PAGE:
In the second quarter of 2016, Burnsville Republican State Rep. Michelle Presnell only received one contribution that wasn’t from a political action committee, a professional association or another candidate.
The North Carolina Senate has become emboldened in its partisanship over the last couple of years, and there appears to be no end in sight. Under the leadership of Sen. Phil Berger, the president pro tem, and his troops — including our own Sen. Jim Davis, R-Franklin — it has ventured so far to the right and is making moves that are so politically heavy-handed that even Republican Gov. Pat McCrory and the GOP-controlled state House often call foul.
Voters could see more Ds and Rs on their election ballot in 2016 if Republicans push through legislation to make local school board and statewide judicial races partisan.
A long-awaited showdown in the internal power struggle for control of the Haywood County Republican Party will play out this Saturday during the party’s annual convention.
Karin Wollin had just taken a break from a sullen morning of sorting through stacks of campaign signs at the Haywood County Democratic headquarters in Waynesville when a clatter was heard on the sidewalk outside.
A group of past Macon County Commissioners spent an hour reminiscing about their triumphs and reflecting on lessons learned in front of an audience that included two Election Day hopefuls last week. The lunchtime program was the third in a series from the Macon County League of Women Voters examining the county’s growth from the perspective of those who served it during key moments.
Thom Tillis has a recurring daydream. The Republican Speaker of the North Carolina House of Representatives and candidate for the U.S. Senate, laid out his fantasy during the GOP’s annual convention held last weekend in Cherokee.
“It goes something like this: I’m standing in the Senate chamber,” Tillis said, “and Harry Reid is looking for his seat. And I get to say, ‘Mr. Minority leader, it’s somewhere back there.”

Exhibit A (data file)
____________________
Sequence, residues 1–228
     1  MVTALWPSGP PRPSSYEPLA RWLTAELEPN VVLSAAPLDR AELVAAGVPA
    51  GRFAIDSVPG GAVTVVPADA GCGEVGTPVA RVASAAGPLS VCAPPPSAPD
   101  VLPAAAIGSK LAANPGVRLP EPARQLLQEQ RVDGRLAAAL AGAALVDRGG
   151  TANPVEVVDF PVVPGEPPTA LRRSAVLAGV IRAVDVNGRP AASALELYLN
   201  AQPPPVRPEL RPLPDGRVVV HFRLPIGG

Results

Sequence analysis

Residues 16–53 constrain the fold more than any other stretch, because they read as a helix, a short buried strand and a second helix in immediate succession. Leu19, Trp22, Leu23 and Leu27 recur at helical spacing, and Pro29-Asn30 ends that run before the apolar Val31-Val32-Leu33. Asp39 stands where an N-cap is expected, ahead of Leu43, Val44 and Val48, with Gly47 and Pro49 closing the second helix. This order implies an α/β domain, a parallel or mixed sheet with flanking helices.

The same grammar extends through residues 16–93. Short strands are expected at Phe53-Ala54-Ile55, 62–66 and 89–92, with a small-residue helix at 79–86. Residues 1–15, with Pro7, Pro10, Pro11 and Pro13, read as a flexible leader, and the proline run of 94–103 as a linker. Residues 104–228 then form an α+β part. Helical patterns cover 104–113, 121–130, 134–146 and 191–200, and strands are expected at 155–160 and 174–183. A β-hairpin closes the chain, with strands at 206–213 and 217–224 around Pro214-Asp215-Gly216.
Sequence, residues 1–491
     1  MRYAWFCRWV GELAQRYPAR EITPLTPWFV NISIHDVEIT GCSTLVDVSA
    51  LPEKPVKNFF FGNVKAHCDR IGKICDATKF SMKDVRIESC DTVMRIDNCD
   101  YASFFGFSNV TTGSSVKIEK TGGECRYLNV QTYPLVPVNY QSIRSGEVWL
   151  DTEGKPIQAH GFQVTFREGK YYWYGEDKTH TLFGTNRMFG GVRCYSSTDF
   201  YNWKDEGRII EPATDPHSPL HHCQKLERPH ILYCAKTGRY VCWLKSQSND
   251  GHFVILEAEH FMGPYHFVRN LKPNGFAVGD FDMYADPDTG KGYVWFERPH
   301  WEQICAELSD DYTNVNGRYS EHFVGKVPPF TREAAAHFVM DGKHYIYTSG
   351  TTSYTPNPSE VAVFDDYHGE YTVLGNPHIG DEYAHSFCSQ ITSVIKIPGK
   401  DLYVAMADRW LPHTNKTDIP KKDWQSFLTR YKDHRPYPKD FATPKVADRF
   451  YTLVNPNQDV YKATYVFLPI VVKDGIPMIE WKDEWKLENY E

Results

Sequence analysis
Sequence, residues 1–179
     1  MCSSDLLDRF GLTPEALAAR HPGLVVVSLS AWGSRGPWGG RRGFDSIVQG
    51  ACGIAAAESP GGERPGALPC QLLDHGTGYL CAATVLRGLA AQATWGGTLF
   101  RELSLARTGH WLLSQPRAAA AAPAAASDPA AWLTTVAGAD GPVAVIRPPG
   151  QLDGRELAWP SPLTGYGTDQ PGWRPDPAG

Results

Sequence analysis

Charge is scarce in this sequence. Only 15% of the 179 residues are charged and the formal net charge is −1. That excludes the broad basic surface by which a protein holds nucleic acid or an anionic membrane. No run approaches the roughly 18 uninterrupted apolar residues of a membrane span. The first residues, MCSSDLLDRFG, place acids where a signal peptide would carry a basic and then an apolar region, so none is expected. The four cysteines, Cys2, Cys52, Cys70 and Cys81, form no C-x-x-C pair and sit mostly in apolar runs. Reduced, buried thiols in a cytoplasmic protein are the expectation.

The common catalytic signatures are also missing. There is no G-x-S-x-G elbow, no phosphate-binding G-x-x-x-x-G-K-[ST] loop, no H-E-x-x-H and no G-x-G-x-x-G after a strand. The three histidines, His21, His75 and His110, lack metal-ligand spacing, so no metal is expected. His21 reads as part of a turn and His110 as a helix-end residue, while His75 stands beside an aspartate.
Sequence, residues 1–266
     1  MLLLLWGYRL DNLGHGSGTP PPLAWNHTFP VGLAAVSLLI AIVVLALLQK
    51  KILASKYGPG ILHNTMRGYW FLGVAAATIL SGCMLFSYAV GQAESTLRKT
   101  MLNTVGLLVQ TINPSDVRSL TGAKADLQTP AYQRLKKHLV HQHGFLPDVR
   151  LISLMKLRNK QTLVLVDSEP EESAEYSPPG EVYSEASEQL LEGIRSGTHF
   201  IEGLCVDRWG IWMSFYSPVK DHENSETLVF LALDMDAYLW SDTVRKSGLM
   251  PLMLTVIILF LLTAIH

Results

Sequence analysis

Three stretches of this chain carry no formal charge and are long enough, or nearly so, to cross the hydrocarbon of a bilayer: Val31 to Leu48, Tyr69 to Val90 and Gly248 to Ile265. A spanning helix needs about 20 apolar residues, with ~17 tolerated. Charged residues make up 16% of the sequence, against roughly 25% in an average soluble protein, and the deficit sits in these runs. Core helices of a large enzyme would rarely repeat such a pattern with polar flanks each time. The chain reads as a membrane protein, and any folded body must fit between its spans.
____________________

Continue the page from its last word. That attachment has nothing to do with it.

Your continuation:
An ongoing tug-of-war for control of the Haywood County Republican Party reached a finale last week.
A faction of conservative activists failed in their bid to wrest the chairman’s seat away from Pat Carr, who represents the mainstream party establishment. Carr now hopes the party can overcome the internal division that has plagued it for more than a year.
A single primary wasn’t enough to clear out the crowded field of candidates for the sheriff’s seat in Jackson County. Though Deputy Sheriff Chip Hall carried 42 percent of the vote in a field of six Democratic candidates, the three Republican candidates finished virtually neck and neck.
Dueling challenges over the legitimacy of two Macon County commissioner candidates could have had far-reaching implications for the county’s political landscape and, ultimately, the tone and tenure of the county for years to come.
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Both challenges fizzled out after a week of political commotion, but from the shadows of the unfolding drama a power struggle for majority control on the Macon County Board of Commissioners emerged. While both candidates who faced challenges are Republicans, they come from two different ends of the party’s philosophical spectrum.